This government’s countercyclical fiscal policy stance will only help to maintain economic growth at a low level, which is unlikely to help in creating the necessary number of jobs per year to keep up with the target of 5 million jobs over the next 10 years. We also reiterate our condemnation of the ongoing exchange controls relaxation announced during the Medium Term Budget Policy Statement (MTBPS). Ironically, hardly six months since the start of the implementation of these measures the Finance Minister is already expressing fears and concerns about the resultant volatility in the capital flows and in the external value of the currency in this Budget Speech.

    NEHAWU considers this straight-jacketed ideological commitment to the liberalisation of our economy to be part of pre-emptive policy decisions, including wage subsidies for bosses, taken to forestall discussions on the new growth path with social partners.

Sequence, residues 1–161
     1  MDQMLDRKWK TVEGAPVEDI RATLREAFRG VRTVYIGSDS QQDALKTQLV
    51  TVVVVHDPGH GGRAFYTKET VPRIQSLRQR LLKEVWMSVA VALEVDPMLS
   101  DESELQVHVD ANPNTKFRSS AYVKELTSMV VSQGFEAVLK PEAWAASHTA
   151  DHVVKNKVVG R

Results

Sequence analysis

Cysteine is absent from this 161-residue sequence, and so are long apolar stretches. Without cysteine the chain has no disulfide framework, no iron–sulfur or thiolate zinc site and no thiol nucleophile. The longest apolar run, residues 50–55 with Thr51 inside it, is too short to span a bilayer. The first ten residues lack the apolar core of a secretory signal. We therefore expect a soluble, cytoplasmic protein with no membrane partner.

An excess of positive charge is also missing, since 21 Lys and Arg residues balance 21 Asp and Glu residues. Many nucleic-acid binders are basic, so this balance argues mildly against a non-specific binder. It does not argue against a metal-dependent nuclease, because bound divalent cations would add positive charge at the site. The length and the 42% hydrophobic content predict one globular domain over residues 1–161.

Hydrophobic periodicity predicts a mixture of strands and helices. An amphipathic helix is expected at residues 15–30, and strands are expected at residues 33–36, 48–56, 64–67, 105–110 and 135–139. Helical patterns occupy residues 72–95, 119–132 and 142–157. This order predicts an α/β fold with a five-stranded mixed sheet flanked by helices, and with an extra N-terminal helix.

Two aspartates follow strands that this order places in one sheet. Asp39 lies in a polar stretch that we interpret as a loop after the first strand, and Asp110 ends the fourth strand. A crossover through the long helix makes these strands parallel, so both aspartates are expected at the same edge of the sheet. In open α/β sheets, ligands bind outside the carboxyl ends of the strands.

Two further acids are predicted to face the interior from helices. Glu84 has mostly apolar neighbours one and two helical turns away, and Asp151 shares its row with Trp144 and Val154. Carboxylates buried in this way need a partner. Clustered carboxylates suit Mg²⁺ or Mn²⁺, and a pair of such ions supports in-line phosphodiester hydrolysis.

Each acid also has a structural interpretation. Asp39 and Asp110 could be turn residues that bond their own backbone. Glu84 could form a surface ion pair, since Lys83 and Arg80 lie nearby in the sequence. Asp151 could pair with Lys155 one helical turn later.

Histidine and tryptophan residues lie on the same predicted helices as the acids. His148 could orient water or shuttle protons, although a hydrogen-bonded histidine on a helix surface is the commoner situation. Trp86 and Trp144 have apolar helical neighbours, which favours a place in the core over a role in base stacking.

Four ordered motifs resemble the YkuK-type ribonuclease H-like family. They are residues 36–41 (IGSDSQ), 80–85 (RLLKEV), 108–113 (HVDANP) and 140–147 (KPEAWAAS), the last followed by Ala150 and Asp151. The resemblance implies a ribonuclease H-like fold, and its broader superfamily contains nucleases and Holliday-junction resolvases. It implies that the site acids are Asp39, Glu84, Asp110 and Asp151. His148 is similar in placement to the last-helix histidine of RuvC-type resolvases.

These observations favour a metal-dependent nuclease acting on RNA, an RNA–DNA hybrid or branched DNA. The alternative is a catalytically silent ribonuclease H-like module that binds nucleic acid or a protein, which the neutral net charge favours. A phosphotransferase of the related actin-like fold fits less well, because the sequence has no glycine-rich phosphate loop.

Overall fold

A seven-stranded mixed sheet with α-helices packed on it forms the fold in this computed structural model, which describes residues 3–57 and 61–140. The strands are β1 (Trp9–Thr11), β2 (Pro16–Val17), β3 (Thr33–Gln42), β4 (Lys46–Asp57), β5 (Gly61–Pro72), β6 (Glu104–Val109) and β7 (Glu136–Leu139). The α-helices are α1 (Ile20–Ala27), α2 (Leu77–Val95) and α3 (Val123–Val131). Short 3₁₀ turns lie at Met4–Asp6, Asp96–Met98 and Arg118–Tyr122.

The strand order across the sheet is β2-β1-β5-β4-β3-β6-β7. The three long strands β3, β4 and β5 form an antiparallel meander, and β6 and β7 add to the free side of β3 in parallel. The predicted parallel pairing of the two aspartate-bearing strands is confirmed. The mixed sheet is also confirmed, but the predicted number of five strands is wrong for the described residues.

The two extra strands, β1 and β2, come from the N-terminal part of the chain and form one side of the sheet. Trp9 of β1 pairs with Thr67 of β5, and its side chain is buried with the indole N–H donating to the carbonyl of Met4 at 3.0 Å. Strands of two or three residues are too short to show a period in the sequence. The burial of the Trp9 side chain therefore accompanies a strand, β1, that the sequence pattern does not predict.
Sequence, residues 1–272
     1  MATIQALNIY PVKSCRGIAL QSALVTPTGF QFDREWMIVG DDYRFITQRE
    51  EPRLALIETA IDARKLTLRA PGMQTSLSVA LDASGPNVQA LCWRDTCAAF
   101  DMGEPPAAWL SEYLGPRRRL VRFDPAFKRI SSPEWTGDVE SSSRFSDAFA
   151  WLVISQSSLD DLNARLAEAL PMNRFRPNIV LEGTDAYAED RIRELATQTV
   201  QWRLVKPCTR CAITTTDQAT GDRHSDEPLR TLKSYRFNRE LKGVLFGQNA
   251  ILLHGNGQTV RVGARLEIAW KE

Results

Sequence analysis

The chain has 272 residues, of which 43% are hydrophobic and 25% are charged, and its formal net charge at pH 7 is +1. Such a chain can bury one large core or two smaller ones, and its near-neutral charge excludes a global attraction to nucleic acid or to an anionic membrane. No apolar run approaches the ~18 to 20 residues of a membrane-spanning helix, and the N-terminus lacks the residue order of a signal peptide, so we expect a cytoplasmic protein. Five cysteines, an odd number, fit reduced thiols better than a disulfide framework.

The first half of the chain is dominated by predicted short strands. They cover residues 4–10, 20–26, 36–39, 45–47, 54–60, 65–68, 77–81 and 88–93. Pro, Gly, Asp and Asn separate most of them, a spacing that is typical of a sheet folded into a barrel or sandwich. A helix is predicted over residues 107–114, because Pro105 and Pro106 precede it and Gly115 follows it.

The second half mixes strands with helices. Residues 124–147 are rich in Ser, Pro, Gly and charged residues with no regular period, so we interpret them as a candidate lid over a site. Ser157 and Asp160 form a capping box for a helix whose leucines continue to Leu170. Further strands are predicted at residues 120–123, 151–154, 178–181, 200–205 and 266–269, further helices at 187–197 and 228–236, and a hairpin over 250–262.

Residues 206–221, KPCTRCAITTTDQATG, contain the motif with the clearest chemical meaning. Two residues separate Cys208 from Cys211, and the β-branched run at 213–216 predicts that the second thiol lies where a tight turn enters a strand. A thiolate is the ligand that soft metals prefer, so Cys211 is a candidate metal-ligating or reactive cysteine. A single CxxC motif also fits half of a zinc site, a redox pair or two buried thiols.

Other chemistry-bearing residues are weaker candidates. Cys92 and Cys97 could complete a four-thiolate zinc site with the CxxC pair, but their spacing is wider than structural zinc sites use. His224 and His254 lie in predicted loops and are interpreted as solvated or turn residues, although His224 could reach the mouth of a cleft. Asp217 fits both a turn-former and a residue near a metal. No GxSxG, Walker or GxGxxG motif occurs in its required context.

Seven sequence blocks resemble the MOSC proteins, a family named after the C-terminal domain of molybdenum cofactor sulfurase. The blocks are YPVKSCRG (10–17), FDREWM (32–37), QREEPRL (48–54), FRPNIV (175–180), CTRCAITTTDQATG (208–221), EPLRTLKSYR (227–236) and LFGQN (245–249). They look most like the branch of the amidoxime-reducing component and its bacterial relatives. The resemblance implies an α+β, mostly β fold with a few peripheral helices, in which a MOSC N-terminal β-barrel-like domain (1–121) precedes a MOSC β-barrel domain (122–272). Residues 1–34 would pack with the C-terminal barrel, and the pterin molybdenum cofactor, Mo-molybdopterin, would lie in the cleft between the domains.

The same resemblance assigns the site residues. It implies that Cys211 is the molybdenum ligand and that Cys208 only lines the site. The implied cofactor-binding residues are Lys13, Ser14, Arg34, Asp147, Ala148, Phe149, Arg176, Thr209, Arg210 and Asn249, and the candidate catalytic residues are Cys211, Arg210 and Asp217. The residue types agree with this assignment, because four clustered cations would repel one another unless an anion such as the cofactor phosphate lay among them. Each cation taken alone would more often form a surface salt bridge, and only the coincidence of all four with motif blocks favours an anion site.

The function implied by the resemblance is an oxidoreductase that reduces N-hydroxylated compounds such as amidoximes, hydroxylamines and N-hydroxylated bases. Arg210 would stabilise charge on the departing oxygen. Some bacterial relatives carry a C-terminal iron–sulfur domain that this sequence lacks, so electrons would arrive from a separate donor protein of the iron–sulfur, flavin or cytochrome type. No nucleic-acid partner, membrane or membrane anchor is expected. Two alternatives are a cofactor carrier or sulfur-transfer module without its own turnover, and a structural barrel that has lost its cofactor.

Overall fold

NEHAWU wants to respond to the following specific proposals contained in the Budget Speech:

    We welcome the fact that the 2011 Budget makes available an additional R8 billion as the first step in establishing the National Health Insurance (NHI) and it sets the health infrastructure grant, it includes the additional funding for the adoption of the family health approach to primary health care and makes additional money available for the training of medical doctors and nurses. We however reject any consideration for a general increase in the VAT rate as part of the mechanism to finance the NHI. Rather, we call for a consideration of the imposition of an earmarked levy on luxury imported items.

    We welcome the increased education budget, including the R9.5 billion to expand the Further Education and Training Colleges (FETC) sector and the allocation of additional funds for student financial assistance and also to finance a new school building programme.